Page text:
A global treaty on environmental democracy?
International declarations are peppered with references to the importance of civil society involvement in official decision-making processes. Probably the most famous of these is Principle 10 of the 1992 Rio Declaration on Environment and Development, which starts with the words ‘Environmental issues are best handled with the participation of all concerned citizens …’.
However, despite its global endorsement almost two decades ago, the implementation of Principle 10 around the world has been uneven to say the least. The most significant progress at the regional level has come from the adoption of the Aarhus Convention in 1998 under the auspices of the UN Economic Commission for Europe (UNECE). Thirteen years later, the Convention has 45 Parties representing most of the States of Europe and Central Asia. Its binding character has prompted governments from throughout the region to strengthen their laws and practices in this field. While implementation of the Convention is far from perfect, a participatory compliance mechanism goes some way towards ensuring that problems are brought to light and addressed. The Convention is open to accession by any UN Member State, though so far none from outside the UNECE region have acceded.
Another significant development was the adoption of UNEP guidelines on Principle 10 in Bali in February 2010. Like Principle 10 itself, the guidelines are non-binding but they go into more detail and have global scope, having been developed in a process that was open to all UN Member States.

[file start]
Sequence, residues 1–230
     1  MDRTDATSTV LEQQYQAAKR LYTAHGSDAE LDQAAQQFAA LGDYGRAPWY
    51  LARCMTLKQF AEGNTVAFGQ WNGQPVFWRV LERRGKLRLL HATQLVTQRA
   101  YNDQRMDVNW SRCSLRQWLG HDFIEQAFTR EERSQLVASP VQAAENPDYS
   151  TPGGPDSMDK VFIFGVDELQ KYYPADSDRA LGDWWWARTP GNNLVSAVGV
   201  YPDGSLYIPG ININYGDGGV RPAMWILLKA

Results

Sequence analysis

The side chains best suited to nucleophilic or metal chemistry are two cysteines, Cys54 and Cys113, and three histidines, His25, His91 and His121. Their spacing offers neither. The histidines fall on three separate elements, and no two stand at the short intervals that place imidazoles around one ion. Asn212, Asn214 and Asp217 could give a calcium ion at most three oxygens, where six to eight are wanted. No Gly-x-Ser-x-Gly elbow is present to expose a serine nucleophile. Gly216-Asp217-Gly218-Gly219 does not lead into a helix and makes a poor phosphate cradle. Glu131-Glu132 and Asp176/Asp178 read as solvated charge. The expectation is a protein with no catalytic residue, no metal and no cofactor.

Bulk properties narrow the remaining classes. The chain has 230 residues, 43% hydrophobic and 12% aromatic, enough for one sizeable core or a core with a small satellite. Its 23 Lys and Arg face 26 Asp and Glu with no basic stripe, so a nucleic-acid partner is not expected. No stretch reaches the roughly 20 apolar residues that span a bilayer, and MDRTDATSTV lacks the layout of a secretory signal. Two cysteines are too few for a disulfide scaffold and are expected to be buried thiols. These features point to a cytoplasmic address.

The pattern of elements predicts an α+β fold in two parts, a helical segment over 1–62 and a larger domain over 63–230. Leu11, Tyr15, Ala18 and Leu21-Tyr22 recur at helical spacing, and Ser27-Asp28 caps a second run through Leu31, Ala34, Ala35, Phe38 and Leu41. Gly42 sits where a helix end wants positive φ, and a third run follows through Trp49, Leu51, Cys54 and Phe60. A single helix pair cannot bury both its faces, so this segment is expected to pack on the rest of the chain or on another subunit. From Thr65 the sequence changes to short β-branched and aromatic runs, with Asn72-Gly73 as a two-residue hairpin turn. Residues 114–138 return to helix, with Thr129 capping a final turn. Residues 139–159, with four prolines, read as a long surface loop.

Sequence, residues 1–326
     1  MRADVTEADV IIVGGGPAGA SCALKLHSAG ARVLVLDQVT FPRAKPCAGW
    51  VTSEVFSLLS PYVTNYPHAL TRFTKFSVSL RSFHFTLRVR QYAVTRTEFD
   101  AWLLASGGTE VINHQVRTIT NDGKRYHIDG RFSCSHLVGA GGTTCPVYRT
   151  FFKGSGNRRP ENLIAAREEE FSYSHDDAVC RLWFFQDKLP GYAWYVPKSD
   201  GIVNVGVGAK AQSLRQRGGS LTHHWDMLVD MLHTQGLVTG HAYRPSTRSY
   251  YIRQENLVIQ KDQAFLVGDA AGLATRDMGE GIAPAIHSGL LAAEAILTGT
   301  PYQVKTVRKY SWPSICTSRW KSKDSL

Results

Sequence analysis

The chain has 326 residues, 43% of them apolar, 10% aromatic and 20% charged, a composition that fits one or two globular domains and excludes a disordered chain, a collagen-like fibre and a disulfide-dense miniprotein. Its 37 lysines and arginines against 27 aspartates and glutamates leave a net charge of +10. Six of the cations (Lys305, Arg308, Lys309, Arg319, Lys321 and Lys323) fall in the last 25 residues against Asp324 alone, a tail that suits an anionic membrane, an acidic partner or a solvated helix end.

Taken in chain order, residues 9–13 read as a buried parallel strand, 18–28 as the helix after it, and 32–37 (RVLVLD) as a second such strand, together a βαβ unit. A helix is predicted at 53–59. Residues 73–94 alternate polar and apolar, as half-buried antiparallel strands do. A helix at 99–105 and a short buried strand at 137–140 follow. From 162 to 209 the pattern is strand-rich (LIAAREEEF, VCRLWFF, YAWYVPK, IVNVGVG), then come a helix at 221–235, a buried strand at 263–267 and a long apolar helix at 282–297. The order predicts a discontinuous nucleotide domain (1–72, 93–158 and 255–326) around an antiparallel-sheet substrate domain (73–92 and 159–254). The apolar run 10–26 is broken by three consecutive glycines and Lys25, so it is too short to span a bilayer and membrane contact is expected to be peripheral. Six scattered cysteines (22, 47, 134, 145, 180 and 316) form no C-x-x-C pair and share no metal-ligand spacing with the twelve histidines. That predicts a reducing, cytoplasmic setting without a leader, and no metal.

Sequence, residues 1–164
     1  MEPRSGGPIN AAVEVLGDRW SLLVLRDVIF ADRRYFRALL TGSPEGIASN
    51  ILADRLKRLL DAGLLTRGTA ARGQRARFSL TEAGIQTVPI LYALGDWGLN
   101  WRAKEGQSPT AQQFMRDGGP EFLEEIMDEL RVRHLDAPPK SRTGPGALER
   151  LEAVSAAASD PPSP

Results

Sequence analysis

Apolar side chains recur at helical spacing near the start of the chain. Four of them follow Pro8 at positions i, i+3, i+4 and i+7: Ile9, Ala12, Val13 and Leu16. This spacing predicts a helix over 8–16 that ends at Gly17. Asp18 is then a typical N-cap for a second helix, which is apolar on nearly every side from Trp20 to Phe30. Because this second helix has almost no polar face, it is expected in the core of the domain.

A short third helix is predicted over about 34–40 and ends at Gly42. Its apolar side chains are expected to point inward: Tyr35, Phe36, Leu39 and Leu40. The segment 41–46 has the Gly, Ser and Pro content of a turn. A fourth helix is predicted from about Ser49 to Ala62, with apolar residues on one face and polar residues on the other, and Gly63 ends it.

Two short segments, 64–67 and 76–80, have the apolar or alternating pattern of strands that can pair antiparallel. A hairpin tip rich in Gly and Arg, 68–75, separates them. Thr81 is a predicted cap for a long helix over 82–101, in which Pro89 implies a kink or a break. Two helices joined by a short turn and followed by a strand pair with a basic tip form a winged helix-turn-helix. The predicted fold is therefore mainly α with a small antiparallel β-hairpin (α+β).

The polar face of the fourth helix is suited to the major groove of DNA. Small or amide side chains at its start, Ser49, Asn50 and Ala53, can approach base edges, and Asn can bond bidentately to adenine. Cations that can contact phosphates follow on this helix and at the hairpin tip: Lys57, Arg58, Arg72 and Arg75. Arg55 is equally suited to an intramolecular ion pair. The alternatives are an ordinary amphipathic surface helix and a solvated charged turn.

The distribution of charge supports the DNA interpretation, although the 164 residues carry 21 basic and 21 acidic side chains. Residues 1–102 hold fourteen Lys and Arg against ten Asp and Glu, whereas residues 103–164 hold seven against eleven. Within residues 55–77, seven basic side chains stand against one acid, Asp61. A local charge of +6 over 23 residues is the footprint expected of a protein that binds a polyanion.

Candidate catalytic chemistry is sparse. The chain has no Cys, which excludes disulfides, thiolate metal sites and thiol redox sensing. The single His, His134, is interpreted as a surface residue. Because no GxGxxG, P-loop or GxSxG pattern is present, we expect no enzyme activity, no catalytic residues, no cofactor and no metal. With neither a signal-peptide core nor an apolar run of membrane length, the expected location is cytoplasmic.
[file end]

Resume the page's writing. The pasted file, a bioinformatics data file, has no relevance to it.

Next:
Against this background, how can the Rio+20 Conference help to promote environmental democracy globally?
Brazil has provided one answer to that question with its call for the Conference to launch negotiations towards a global convention on access to information, public participation and access to justice in environmental matters. This echoes similar proposals not only from the NGO community but also from institutions such as the European Parliament. However, the fact that the proposal now comes from the host country gives a new impetus to the idea.
The appeal of a global treaty is that it would potentially engage all countries, including those which are unlikely to ever accede to Aarhus or be involved in regional instruments similar to Aarhus, should such be developed. As a matter of principle, the rights enjoyed under the Aarhus Convention should not be restricted to one particular region but should be enjoyed by people throughout the world.
There are some risks in a global treaty too, the most obvious being that the resulting text might be rather weak due to the lowest common denominator effect. But provided the text only establishes minimum standards (like Aarhus), this risk does not need to lead to any weakening of existing standards. Furthermore, provided that civil society is fully and actively involved in the negotiation process (and this should be a pre-condition for developing a global treaty on civil society participation rights), there is a good prospect of achieving a result which leads to significant improvements in a large number of countries. Finally, judging from the Aarhus experience, the negotiating process itself could have spin-off benefits, pushing the issue of procedural environmental rights higher up political agendas, prompting countries to already improve their legal frameworks without awaiting the final outcome of the negotiations and establishing new dialogues between governments and civil society.
Hopefully Brazil’s call for a global treaty on Principle 10 will be supported not only by the NGO community but also by a critical mass of governments so that it emerges as a concrete outcome of the Summit.